The Fort Hills oil sands project enjoys strong economics and it is forecast to generate significant free cash flow over a range of oil prices and exchange rate scenarios. Unlike shale oil projects, oil sands projects tend to have a relatively long life and can therefore generate returns over several commodity price cycles. Fort Hills’ operating costs, including sustaining capital, are expected to average under $25 per barrel of bitumen over the life of the project.
We believe that the long-term fundamentals for oil remain positive, with demand growing each year. The International Energy Agency predicts that world energy consumption will grow by one-third by 2035. Current forecasts also indicate that 75% of this demand will be met in 2040 by fossil fuels, with the remaining 25% met by low-carbon or renewable energy sources(6).
The current construction phase at Fort Hills has been somewhat assisted by the current market downturn, due to the increased availability of skilled labour and contractors, as well as the increased availability of fabricators for major equipment.
In addition, the lower oil price positively impacts operating costs across three other business units at our existing operations. In 2014, we saw an approximate $5 million increase in EBITDA for every US$1 decrease per barrel in the price of oil.
Climate and Carbon Regulation
In 2014, there was further strengthening of long-term carbon regulation in a number of jurisdictions, which impacts our operations and products beyond our energy business.
Canada is aiming to reduce its emissions to 611 million tonnes a year by 2020, but is currently forecast to emit 727 million tonnes(7). This may drive further national and/or provincial carbon regulation – new national restrictions on coal-fired power plants in Canada are already due to come into effect in mid-2015.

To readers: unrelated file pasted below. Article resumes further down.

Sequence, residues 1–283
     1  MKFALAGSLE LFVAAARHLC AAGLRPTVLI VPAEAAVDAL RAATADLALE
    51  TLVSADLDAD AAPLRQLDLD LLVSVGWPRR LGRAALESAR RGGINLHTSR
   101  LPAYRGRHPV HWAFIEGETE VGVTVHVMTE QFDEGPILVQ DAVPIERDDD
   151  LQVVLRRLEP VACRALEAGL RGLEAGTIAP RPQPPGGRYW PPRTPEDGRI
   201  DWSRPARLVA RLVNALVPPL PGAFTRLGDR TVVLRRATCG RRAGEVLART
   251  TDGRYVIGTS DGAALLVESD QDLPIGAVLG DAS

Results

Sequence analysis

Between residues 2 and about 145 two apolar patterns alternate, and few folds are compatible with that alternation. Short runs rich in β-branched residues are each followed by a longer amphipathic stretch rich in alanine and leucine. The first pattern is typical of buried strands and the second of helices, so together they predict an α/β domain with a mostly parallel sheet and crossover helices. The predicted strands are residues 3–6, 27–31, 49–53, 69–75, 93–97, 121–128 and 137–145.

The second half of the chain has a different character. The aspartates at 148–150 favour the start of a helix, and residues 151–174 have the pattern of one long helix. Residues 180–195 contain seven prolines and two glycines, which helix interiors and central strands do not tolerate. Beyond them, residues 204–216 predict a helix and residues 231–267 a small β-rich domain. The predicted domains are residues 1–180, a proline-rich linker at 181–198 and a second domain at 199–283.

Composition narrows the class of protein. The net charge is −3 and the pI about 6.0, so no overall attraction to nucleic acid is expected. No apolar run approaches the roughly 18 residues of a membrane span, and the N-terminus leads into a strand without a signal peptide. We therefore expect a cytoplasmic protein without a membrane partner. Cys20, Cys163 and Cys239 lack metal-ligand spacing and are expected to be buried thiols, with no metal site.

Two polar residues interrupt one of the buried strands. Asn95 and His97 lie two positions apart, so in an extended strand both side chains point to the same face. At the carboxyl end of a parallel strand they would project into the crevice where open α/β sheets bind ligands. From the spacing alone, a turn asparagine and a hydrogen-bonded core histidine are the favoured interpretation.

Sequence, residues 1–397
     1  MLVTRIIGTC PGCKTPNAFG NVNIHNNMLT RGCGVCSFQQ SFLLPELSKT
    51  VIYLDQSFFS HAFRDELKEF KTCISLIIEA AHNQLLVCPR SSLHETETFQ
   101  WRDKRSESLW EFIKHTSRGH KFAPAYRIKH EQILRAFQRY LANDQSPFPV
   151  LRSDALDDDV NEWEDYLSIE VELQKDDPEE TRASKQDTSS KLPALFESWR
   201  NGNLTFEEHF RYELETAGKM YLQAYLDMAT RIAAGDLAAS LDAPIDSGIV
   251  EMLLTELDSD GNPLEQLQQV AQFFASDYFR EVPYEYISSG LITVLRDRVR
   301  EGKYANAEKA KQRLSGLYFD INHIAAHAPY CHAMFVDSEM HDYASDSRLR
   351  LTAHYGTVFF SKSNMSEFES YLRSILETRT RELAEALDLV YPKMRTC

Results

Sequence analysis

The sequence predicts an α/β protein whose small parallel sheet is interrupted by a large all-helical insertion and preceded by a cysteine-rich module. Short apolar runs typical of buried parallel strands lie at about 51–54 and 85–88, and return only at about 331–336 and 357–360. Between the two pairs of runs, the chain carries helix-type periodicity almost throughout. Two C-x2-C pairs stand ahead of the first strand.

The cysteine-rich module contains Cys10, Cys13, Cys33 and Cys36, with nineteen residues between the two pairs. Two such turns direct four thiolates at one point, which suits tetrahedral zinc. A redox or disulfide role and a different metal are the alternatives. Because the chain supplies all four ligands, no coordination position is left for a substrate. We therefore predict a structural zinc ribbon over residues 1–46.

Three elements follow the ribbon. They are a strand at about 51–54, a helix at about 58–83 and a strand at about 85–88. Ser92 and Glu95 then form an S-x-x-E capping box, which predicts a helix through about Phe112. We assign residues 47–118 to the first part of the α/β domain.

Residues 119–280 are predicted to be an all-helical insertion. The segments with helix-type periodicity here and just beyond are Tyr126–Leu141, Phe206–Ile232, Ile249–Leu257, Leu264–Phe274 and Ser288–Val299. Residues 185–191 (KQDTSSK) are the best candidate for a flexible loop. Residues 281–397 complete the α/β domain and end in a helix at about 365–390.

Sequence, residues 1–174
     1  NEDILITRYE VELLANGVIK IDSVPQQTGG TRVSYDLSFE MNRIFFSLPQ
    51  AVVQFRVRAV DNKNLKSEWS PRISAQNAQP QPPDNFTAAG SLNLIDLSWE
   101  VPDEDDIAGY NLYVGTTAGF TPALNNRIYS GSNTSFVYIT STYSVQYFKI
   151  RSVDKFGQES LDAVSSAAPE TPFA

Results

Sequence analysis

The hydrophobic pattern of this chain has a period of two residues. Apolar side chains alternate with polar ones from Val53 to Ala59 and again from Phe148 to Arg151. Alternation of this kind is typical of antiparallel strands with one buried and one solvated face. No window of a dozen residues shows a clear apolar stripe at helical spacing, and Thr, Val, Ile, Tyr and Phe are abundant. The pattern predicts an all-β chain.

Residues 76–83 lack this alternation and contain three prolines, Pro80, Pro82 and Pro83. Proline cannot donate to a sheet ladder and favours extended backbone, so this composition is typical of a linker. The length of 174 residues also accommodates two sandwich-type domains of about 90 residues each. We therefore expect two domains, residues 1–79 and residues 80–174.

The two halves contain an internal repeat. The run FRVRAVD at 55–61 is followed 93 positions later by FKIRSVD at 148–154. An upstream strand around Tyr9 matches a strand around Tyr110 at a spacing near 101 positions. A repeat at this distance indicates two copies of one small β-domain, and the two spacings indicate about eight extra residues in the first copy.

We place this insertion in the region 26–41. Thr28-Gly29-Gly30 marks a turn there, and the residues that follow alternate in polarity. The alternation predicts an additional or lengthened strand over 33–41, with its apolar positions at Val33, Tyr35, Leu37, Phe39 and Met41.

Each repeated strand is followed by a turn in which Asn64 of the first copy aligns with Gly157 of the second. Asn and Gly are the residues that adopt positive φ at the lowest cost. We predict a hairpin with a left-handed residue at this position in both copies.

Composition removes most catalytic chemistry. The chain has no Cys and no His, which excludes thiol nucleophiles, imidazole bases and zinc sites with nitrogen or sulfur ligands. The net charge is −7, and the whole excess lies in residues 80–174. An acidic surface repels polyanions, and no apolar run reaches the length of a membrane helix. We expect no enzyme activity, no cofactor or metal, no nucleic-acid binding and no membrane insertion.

China has committed to stopping the growth of its carbon emissions by 2030. Beijing has already started closing or overhauling small coal-fired power plants as part of its efforts to reduce its emissions. This is happening in parallel with government efforts to rationalize its high-emission steelmaking plants. Furthermore, China is in the process of drawing up its 13th Five-Year Plan, covering the years 2016–2020, and it is widely expected that the plan will place particular emphasis on improving the country’s carbon emissions performance.
Similarly, in September 2014, Chile became the first country in South America to enact a carbon tax. The new tax is targeted at non-biomass thermal power plants with a generation capacity of 50 megawatts or more. Each of these power plants will be required to pay US$5 for every tonne of carbon dioxide-equivalent (CO2e) they emit, which will ultimately raise the cost of power from these plants for consumers. The tax forms part of the Chilean government’s broader efforts to meet its voluntary target of cutting its carbon emissions by 20% by 2020 (against a 2007 baseline).
We recognize that current and future regulations may affect our business by placing direct costs on our operations, and increase the costs of production. We already incur carbon costs in Canada as a result of provincial regulations in B.C. and Alberta. It is likely that such costs, both in Canada and in other jurisdictions, will increase over time.
While the transition to a low-carbon economy is necessary, it will likely take a substantial period of time. The impacts of an increased focus on greenhouse gas reductions will impact our business in a variety of ways over time, extending beyond the anticipated increasing costs associated with carbon and with changing supply and demand fundamentals for our products. This belief is now being factored into our long-term business forecasting and sustainability planning.
(6) International Energy Agency – IEA World Energy Outlook, 2014.
(7) Environment Canada, Progress Toward Canada’s Greenhouse Gas Emissions Reduction Target